"He lived a life you wouldn't want for yourself or anyone you know," said defense attorney Alan Fanter, who added that Couey's IQ today is only 64. "As John's body got older, his mind didn't. He's sitting here, 48 years old, with the mind of a child."
An IQ level of 70 is generally considered retarded.
Florida law and a 2002 U.S. Supreme Court ruling prohibit execution of retarded people.
Jurors will make a recommendation to Circuit Judge Richard Howard, who must make the ultimate judgment. The jury will have to weigh the evidence of Couey's purported mental problems with aggravating factors such as Jessica's youth and vulnerability, the fact that a sexual crime preceded the murder and Couey's prior record. A majority of the 12 jurors must be in favor of either life in prison or death.
Couey has spent much of his time during the trial drawing pictures or working in coloring books in full view of jurors. Howard refused to stop Couey from coloring in court, saying that the activity calmed him, despite objections from prosecutors.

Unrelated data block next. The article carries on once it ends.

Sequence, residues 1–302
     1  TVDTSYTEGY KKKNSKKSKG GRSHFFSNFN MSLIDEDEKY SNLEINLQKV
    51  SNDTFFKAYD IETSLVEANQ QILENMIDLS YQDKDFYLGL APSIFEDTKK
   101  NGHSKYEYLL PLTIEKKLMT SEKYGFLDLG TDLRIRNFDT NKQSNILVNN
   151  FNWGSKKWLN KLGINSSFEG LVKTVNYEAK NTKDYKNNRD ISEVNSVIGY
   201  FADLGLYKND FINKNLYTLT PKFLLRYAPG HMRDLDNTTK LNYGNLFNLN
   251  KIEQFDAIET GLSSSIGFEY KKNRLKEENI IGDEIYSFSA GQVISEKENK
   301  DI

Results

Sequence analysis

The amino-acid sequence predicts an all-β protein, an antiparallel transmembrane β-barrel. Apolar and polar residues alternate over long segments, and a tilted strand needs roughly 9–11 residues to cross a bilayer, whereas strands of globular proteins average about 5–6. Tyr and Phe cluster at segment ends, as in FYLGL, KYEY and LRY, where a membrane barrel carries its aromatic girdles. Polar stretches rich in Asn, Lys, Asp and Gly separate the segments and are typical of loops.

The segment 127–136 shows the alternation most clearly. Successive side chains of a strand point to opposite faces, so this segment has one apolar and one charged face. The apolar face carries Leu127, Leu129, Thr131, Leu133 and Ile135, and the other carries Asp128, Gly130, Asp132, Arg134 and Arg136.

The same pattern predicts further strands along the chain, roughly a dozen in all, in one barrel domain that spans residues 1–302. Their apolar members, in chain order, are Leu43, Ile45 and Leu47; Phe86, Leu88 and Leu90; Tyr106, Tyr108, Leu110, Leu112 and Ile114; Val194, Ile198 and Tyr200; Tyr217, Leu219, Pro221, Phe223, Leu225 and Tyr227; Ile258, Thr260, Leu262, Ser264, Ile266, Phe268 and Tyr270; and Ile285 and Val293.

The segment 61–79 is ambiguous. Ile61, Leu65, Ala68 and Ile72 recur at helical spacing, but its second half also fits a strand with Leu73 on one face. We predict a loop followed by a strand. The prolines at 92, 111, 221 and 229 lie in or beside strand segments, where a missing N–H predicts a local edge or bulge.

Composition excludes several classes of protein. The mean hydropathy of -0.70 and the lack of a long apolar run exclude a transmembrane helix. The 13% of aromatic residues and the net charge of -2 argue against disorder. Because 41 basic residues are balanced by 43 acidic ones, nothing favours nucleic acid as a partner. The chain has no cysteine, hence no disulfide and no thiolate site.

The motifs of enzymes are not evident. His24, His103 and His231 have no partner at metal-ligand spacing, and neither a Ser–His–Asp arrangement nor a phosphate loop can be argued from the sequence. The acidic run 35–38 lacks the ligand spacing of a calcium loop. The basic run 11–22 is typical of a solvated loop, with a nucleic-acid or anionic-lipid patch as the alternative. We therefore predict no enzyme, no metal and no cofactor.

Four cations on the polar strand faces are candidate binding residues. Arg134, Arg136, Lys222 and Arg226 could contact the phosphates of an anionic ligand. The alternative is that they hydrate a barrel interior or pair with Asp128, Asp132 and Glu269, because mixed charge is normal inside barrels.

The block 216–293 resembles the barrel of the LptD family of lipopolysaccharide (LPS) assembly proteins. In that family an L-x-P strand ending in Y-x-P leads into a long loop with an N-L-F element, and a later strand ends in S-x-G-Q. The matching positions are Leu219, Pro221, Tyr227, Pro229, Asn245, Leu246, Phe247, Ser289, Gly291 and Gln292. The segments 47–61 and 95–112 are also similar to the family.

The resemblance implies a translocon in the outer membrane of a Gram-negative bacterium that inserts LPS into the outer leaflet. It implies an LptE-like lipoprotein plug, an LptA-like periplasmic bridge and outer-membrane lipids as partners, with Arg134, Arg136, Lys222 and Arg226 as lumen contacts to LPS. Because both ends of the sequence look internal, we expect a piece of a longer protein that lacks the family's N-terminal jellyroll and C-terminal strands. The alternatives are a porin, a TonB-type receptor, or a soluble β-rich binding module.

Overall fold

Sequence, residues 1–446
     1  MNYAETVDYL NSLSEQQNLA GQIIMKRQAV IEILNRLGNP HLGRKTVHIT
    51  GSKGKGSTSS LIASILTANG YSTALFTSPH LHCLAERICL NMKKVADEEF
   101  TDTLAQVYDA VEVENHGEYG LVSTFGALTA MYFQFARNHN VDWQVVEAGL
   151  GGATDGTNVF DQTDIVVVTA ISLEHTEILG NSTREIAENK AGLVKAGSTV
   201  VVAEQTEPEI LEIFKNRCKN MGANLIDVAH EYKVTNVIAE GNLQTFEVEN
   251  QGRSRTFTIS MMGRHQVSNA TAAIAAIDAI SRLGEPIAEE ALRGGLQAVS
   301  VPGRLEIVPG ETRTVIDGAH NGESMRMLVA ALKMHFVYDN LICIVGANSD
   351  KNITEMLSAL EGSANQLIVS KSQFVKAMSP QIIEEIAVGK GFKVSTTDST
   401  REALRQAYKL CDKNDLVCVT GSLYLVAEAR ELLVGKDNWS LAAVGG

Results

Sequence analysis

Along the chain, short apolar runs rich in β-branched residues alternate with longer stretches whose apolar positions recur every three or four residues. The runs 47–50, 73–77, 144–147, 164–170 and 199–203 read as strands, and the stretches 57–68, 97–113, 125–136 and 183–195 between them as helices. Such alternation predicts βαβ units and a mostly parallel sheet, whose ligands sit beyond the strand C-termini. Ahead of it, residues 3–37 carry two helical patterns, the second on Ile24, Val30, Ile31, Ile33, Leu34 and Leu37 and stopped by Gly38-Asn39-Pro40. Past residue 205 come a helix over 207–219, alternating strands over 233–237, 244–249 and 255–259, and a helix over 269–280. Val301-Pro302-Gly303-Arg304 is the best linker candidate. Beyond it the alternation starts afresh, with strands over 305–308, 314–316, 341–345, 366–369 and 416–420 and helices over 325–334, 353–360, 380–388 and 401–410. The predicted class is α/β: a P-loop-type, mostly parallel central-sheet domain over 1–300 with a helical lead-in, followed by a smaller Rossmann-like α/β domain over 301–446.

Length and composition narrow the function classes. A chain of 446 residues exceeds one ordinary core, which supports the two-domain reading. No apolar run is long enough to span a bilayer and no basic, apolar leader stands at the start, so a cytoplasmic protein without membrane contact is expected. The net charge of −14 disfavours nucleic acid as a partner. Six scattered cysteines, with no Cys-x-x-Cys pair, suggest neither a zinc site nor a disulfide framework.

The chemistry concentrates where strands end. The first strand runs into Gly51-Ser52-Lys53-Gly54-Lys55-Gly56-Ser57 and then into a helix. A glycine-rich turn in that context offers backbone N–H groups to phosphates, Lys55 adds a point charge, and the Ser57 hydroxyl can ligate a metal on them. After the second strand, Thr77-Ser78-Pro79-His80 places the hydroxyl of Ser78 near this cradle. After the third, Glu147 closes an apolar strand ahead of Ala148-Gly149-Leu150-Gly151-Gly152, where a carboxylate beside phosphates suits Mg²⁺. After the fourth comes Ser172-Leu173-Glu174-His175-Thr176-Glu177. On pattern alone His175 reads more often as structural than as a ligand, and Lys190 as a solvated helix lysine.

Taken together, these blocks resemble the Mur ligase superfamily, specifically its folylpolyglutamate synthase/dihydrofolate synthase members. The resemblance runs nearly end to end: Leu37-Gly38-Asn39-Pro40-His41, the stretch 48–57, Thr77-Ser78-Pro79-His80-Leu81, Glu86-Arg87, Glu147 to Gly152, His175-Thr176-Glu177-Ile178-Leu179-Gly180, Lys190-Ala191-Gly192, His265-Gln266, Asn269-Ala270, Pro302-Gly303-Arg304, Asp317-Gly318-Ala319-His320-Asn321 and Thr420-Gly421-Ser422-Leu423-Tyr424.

But prosecutors have pointed out that Couey is alert enough to know when to put his earpiece so he can listen in when the judge calls a sidebar between the lawyers. They've also pointed out that Couey reads newspapers daily in jail, uses the prison library and even reads law books.
Fanter said life in prison is enough for Couey, and that he will be a good inmate until his death.
"And at some point in time, Mr. Couey's going to die in prison," whether at the hand of another inmate, the government or by natural causes, Fanter said. "We do know, he will die in prison."
Normally, the victim's family members are encouraged to tell the judge and jury how the crime has impacted their lives. But Jessica's father, Mark Lunsford, likely will not testify as part of the victim impact panel scheduled to take the stand Tuesday.